CCEC Blog
Search
 
This recently completed poll of British Columbians provides insight into what is aggravating us. The Centre for Policy Alternatives commissioned the poll of more than 1000 residents and it confirms that affordability and inequality are troubling many of us. The poll also finds substantial support for carbon taxes and climate change mitigation, and overall support for fairer taxation. For more information click here.   
Currently rated 0.0 by 0 people

Hunger in Canada is not about the lack of food.  People are food insecure because they can’t afford to eat.  Poverty is a multi-dimensional problem.  We know that the systemic causes of poverty cannot be addressed overnight.  But, we need to put in place a Government-wide integrated approach to addressing the systemic issues of poverty based on the principles of social inclusion and collaboration.  And that we need to start with income.

Meet CCEC Member, the Vancouver Neighbourhood Food Networks and its’ member sponsors, Ian Marcuse and Joanne MacKinnon.  Ian says, “As the price of food escalates, increasing numbers of households are feeling the food affordability squeeze.  We are seeing more people coming to our programs that include community kitchens, community meals and food hampers (bulk buying and free baskets).  We are feeling under pressure as we need to expand our existing food programs and establish new food programs to serve those in need.  Ideally, rather than expanding existing food security programming, we would prefer to tackle the systems that result in food insecurity and end poverty."

So, who is going hungry?  We have a growing population of working poor in Canada whose wages do not cover basic necessities.  2/3 of food insecure people are working.  We know that inadequate wages, shrinking social assistance rates, meager pensions, illness and disability are at the heart of food insecurity.  More than 4 million people in Canada are unsure about where they’ll eat next or skip meals so their kids can eat.   1 in 8 people are food insecure but only 25% access the food bank.

The Neighbourhood Food Networks, with 12 part-time funded coordinators, are part of the Greenest City Action Plan to address food security and to increase all residents’ access to healthy, culturally appropriate food.  Joanne MacKinnon says, “We believe in the right-to-food, and social justice are at the forefront of our philosophy and how we approach our work.”  She continues, “We work with our program participants but are engaged and contribute their diverse skills and talents toward co-creating a just and sustainable neighbourhood food system.”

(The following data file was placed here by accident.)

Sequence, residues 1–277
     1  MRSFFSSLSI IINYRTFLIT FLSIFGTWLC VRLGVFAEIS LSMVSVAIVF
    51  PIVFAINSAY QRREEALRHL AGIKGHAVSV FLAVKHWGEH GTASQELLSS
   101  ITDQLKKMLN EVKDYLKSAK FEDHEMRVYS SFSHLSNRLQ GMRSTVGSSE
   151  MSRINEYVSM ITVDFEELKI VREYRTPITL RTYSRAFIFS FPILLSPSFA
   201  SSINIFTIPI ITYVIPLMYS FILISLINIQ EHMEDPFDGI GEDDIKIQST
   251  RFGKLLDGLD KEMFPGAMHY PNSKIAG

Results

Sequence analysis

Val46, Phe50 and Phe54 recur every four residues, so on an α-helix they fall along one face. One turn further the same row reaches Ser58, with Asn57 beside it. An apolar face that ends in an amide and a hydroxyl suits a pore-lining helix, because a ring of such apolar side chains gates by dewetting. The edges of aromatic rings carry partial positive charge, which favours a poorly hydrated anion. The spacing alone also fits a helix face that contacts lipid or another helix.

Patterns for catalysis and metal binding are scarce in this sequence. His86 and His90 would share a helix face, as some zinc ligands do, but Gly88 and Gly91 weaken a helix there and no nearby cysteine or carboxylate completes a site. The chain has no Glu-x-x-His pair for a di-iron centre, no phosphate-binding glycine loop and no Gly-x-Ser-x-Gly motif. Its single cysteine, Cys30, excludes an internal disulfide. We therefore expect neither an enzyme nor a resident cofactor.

Part of the solution is for BC, who is the only province in Canada without a Poverty Reduction Strategy and Canada, who lacks a comprehensive policy to step up and put in place the strategies and policies around food justice.  According to CCEC Member, Raise the Rates, Canada has a Poverty Policy.  This needs to change.

But, Do Poverty Reduction Strategies work?  Let’s look at Newfoundland and Labrador's Poverty Reduction Strategy which is a government-wide (13 Ministries) approach to promoting self-reliance, opportunity, and access to key supports for persons vulnerable to poverty.  The strategy, introduced in 2006, includes more than 90 initiatives that were created based on an intensive public consultation process.  Their cross Ministerial approach developed strategies to address the linkages between poor health and low income, between low income employment and limited economic development, between poverty and violence and impacts on women’s equality, and the need to support persons with disabilities.  How do they know it is working?  Just one indicator shows that it is working: food insecurity has been reduced by 50%. 

The bottom line is that we should be supporting employees fighting for fair, livable wages.  It’s time that politicians, backed by citizen voices, talk about justice and equity.  It’s time to create real, long lasting solutions to poverty and hunger, policies that bring us together, rather than divide us as citizens.

In BC, we have 17 government ministries that work with vulnerable populations and, often-times, they seem to be working at cross purposes.  We know that the systemic causes of poverty cannot be addressed overnight.  But, we know we need to get started.  Next year, 2017, is a BC Provincial Government election.  Make your vote count.

The Neigbhourhood Food Network and its’ coordinators at the local level are unique and separate in that we respond to community needs with grassroots solutions. But, together, we represent the experiences of thousands of individuals across the city, giving us an important role to play in advocacy and systems change.

Learn more about the Neighbourhood Food Networks and support our work. 

And, sign on to end poverty in Canada:  http://www.dignityforall.ca/   

Currently rated 0.0 by 0 people